NRECA says Clean Water Act changes would hurt generation, transmission

The National Rural Electric Cooperative Association (NRECA) wants the Environmental Protection Agency (EPA) and the Army Corps of Engineers to rethink a proposal to ‘federalize’ some streams, wetlands, ditches and dry streams under the Clean Water Act.

In formal comments filed Nov. 14, the rural cooperative organization detailed its reasons for opposing the current proposal to expand the definition of “Waters of the United States” (WOTUS) under the Clean Water Act.

In comments submitted for NRECA by its Senior Principal – Environmental Policy Dorothy Allen Kellogg, the association said the expanded definition would have implications for both rural electric power generation and transmission.

“Expanded CWA jurisdiction, as would occur if the proposed rule is finalized without significant change, would affect cooperatives by delaying and increasing the costs for (1) constructing and maintaining power lines; (2) operating and maintaining existing and new generation, including generation from both traditional fuels like natural gas and renewable sources; and (3) decommissioning existing generating facilities,” NRECA said in its comments.

Power lines require regular maintenance, including repair and replacement of lines, poles and towers. Cooperatives expect to spend about $7bn over the next 10 years on transmission, NRECA said.

Cooperatives say rule would blur current half-acre standard

The rural cooperatives like the system set up through the White House Rapid Response Team for Transmission (RRTT), which is designed to streamline transmission projects and cut permitting timelines. “One way to streamline permitting is by relying on nationwide permits – especially the Corps’ Nationwide Permit 12 (NWP 12) for utility lines and associated access roads,” NRECA said.

Under NWP 12 cooperatives are able to construct, maintain, and repair power lines, access roads, poles, towers, and substations so long as each “single and complete” project – each separate and distinct crossing of a WOTUS – does not result in the loss of more than one-half acre of WOTUS. Cooperatives endeavor to configure lines and structures to avoid many wetland and streams to stay within the half acre limit.

The expanded definition of waters of the United States, however, would “significantly limit, if not eliminate, cooperatives ability to stay within the NWP 12 limits,” NRECA said in its comments.

The proposal would also create headaches for power generation, NRECA said.

Generating facilities rely on multiple water management features located within the plant footprint including storm-water conveyances like canals, ditches, washes, swales, arroyos, containment basins, and ponds. Other water management features include cooling ponds, spill diversion ditches, raw water and service water ponds, intake and discharge canals and other ditches.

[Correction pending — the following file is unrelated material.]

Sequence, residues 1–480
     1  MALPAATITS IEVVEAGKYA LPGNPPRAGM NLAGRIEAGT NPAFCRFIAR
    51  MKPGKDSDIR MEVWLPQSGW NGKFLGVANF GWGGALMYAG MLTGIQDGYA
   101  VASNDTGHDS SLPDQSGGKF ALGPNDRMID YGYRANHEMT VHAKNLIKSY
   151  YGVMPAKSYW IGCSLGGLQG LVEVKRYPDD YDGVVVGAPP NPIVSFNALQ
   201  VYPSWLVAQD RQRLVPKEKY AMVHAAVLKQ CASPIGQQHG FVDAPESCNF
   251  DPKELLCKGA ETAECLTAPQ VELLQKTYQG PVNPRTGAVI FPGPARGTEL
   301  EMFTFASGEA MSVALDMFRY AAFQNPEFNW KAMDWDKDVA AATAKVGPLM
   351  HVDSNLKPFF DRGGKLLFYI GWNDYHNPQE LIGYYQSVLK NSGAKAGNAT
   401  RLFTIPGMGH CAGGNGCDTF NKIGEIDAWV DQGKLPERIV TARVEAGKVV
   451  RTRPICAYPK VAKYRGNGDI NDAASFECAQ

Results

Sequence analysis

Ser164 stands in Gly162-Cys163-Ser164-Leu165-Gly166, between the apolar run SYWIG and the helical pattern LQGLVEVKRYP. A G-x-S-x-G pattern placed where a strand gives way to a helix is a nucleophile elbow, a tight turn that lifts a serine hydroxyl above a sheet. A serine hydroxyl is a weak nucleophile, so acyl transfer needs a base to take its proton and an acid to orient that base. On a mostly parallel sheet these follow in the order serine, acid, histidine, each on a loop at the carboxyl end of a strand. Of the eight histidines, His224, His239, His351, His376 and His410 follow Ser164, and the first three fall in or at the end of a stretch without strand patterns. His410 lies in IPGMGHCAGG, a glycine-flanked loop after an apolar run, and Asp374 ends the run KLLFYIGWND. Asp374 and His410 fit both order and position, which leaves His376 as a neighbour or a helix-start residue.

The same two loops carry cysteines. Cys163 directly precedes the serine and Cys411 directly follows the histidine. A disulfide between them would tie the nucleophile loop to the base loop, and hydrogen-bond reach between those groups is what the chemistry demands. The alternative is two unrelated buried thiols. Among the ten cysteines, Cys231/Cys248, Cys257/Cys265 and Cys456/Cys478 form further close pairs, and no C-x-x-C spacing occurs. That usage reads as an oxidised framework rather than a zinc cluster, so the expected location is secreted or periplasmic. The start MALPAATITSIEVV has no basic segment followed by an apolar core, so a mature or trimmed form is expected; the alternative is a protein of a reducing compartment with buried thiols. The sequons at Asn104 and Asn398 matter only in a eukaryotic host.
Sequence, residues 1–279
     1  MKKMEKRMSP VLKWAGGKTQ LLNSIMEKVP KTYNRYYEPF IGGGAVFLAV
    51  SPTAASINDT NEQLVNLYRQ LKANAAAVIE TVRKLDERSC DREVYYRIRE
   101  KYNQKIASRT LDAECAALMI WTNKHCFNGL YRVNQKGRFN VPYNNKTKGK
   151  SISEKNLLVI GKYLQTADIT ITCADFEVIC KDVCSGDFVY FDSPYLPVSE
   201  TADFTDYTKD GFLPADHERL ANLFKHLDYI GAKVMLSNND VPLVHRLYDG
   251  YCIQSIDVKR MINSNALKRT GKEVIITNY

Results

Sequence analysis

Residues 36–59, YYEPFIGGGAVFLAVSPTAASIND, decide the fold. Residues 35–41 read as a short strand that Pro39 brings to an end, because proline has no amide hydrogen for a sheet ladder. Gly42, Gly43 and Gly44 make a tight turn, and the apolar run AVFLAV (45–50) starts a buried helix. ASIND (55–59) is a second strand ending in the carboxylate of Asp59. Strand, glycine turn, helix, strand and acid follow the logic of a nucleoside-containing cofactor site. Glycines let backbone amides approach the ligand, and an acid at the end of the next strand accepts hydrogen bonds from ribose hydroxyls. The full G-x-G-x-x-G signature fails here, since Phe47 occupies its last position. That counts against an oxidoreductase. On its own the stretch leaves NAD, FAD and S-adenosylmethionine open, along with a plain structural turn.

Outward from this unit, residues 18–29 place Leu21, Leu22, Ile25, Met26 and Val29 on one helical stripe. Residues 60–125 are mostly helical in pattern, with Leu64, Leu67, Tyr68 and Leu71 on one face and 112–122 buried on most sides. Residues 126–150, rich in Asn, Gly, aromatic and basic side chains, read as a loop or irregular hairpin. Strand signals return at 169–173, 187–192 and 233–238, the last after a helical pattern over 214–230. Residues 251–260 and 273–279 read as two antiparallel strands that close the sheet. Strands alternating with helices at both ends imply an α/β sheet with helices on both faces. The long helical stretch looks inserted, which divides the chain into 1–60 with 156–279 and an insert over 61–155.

These sites help control and manage wastewater and prevent pollutants, including heat, from reaching WOTUS sites, NRECA said. Many such sites “are currently, and appropriately, covered by the waste treatment system exclusion,” NRECA said.

“The agencies state that they do not propose any substantive changes in the exclusion. Unfortunately, the existing exemption has not always been implemented consistently – the same type of feature being excluded in one instance but treated as jurisdictional in another,” NRECA said.

“Electric cooperatives maintain and improve the electric infrastructure upon which millions of Americans rely each day,” said NRECA CEO Jo Ann Emerson in a statement. “Rural electric cooperatives are successful small businesses. But they stand to get walloped under this proposed rule,” Emerson said.

NRECA said the proposal would expand the number and types of waters subject to all sections of the Clean Water Act by redefining several key terms such as “neighboring” and “tributary.”

In addition, NRECA is supporting federal legislation, such as H.R. 5078, to bar EPA and the Corps from finalizing the rule prior to consultation with stakeholders. The bill passed the U.S. House of Representatives on a 262-152 bipartisan vote Sept. 9, NRECA said.

NRECA is the national organization for more than 900 not-for-profit rural electric utilities that provide electric energy to approximately 42 million people in 47 states.

About Wayne Barber 4201 Articles
Wayne Barber, Chief Analyst for the GenerationHub, has been covering power generation, energy and natural resources issues at national publications for more than 20 years. Prior to joining PennWell he was editor of Generation Markets Week at SNL Financial for nine years. He has also worked as a business journalist at both McGraw-Hill and Financial Times Energy. Wayne also worked as a newspaper reporter for several years. During his career has visited nuclear reactors and coal mines as well as coal and natural gas power plants. Wayne can be reached at